I was there for less than 2 minutes but in that time, my Dad changed the batteries in my headlamp, I packed my pockets with Gu, ate and brushed my teeth. (That much gu makes your mouth taste weird.) I thanked him and told him I'd see him soon.

From here, I would retrace my steps almost exactly back to the finish. During this retracing, I saw the entire field of runners in the race. They streamed back a very long way. I reached the Little Bald Mountain Aid station at mile 58 ish and some people I knew coming through on
their first time. We each exchanged pleasantries and I continued on.

It was still dark as I left the aid station and I was starting to get tired of the constant darkness. I just wanted it to be light again. People were still
on their way up the climb I was now flying down. They looked like they were in pain moving slowly and frustratingly up the mountain that I was now moving effortlessly down. We each gave each other encouragement as I passed them going the opposite way. I was about 3 miles away from the North River Gap Aid station when I was finally able to turn off my headlamp.

As I approached the aid station there was a younger guy also named Patrick in a green jacket cheering on Keith and I. He asked me if I was Patrick, and I told him I was. He was supposed to be my friend Matt's pacer an
d said that Matt had to drop out last night
at this aid station but he still wanted to run. I couldn't turn down the offer to have a pacer, so Patrick ran ahead to get
ready. It was bittersweet to have Patrick with me. I enjoyed him as a pacer, but it also meant that Matt had dropped out, and no one wants to see anyone else drop.

When I arrived at the aid station I quickly located my Dad and tossed him my headlamp. He gave me more Gu and I weighed myself once more. No change. After a ho
t cup of soup, several cookies and a potato substance, Patrick and I moved out of the aid station and didn't look back.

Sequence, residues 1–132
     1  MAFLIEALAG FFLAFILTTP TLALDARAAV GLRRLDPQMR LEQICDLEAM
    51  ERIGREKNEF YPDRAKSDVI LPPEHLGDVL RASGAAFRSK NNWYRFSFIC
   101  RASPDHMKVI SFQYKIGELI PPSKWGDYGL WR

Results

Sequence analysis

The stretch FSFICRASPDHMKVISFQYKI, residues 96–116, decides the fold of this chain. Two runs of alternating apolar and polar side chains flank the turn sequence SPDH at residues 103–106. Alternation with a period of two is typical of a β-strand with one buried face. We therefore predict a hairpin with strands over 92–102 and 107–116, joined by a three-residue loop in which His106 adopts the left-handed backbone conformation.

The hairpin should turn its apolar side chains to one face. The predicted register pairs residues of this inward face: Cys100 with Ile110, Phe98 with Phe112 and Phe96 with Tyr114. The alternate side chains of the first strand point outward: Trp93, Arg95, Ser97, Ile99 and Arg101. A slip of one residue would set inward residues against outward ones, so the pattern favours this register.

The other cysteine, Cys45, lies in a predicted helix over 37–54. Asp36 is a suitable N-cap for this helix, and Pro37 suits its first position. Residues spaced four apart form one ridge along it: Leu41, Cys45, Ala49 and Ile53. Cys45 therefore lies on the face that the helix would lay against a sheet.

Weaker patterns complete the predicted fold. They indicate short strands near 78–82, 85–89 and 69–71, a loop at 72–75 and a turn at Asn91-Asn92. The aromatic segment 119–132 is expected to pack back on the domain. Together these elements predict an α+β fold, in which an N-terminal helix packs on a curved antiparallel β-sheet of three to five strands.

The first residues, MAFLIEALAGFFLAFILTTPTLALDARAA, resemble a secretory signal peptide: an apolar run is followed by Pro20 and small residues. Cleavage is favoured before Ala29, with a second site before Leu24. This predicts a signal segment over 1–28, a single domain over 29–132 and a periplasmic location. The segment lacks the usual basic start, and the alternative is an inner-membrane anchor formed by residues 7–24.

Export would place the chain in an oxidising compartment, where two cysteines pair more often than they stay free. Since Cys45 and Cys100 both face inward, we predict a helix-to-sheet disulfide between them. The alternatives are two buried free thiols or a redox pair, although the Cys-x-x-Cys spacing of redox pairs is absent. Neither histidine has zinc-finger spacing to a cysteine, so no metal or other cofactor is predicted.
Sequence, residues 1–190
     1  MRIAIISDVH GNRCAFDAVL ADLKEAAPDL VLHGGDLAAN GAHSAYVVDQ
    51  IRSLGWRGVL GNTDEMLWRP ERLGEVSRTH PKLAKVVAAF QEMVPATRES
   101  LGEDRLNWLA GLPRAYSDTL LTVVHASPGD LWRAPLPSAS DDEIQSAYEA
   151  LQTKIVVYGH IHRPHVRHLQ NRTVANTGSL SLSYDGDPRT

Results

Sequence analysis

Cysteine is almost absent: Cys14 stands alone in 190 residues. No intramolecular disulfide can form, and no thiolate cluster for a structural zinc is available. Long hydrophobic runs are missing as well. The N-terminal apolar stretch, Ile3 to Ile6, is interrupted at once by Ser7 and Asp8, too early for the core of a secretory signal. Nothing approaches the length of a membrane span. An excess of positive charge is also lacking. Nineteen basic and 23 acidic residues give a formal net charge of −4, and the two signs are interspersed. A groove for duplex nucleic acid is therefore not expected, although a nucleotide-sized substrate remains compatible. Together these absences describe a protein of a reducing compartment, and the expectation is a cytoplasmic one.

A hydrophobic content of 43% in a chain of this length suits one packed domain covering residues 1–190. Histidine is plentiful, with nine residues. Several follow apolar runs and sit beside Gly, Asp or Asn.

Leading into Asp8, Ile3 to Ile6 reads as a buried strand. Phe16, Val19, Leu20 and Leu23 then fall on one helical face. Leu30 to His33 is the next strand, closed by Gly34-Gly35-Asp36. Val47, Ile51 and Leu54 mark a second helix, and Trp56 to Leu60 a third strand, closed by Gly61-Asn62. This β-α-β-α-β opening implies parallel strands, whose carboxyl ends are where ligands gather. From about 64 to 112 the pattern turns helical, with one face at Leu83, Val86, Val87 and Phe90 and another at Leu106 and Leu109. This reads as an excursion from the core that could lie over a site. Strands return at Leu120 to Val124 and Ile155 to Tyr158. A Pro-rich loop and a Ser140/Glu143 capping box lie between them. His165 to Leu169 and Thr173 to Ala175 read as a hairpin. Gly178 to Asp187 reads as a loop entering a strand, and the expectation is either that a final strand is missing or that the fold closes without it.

I was starting to get a little tired at this point and so I let him do most of the talking. It felt like we were running well and before too long we were at the next aid station cramming our faces and leaving before a minute was over.

The following aid station was one where my Dad was and Patrick had the option of stopping, but he wanted to keep going, and I welcomed the company.

Katie said she would come out for the last few aid stations of the day as well as the finish, but I wasn't anticipating moving as quickly as I was
, so I was starting to worry that she might drive all the way and miss it. Luckily, my Dad was on top of it, just like he always is, and got a hold of her.

Through the following section, I caught up with M
att Hart, who was hurting pretty bad from the looks of things. We had left Keith behind, and Mario had caught up and looked disgustingly strong for where we were in the race. We continued to battle back and forth for awhile but then he took off down Elliot Knob Road the second time and that was the last we saw of him. The trail following Elliot Knob Road is slightly technical and tripped Patrick pretty good. He just bounced up and kept going though. When I tripped and fell soon after though, I didn't bounce. I just wanted to continue lying there. Running into the last aid station I saw Katie standing and clapping for me
. It was very good to see her. 95 miles into the race, I was not feeling so great, definitely not smelling so great, and not feeling the most coherent I've ever been. But it sure was good to see her. I sat down for the first time in 95 miles and ate and drank. I only sat for about 2 or 3 minutes but it felt good. I had 6 more miles left in the race and I wanted to get it over with.

I left the aid station somewhat hobbling. My an